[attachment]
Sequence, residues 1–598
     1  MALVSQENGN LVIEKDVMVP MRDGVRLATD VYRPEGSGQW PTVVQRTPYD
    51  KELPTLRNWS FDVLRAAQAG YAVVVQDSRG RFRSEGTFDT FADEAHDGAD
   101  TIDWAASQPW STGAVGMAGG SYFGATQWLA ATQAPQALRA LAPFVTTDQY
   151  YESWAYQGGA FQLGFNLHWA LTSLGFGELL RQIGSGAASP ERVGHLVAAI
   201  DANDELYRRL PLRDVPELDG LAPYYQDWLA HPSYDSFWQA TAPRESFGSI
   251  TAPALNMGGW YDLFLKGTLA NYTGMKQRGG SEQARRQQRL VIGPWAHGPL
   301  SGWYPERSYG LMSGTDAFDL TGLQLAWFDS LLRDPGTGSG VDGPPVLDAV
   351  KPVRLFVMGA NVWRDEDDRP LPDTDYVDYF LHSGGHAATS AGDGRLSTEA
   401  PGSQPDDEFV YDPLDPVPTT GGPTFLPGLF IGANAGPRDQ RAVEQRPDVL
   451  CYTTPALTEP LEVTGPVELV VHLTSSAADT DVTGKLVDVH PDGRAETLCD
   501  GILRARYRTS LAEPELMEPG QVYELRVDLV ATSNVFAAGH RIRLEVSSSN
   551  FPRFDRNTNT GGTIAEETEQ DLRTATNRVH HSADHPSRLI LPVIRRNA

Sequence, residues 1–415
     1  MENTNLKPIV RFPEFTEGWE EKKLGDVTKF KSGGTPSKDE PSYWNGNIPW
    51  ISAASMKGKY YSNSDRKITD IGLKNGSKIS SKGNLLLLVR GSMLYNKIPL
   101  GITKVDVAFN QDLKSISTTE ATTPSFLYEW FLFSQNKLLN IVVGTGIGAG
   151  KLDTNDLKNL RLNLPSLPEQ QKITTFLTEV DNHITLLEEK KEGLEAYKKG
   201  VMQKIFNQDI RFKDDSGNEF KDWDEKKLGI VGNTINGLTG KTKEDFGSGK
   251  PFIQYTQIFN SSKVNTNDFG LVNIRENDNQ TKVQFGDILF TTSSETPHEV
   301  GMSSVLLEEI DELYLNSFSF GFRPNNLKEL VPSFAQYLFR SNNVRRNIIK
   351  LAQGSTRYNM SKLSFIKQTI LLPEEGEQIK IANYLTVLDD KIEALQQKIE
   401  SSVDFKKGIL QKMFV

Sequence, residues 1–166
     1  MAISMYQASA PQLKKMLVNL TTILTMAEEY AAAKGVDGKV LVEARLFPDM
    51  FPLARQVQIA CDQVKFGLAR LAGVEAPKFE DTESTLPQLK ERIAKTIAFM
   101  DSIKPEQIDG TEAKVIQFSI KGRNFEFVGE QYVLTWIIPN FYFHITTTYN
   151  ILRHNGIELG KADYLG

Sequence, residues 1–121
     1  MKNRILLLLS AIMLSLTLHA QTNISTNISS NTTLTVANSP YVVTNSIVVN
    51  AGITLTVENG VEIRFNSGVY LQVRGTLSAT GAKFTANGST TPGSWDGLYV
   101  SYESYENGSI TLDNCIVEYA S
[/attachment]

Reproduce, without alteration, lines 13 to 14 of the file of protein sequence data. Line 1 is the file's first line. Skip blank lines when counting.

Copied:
   551  FPRFDRNTNT GGTIAEETEQ DLRTATNRVH HSADHPSRLI LPVIRRNA

Sequence, residues 1–415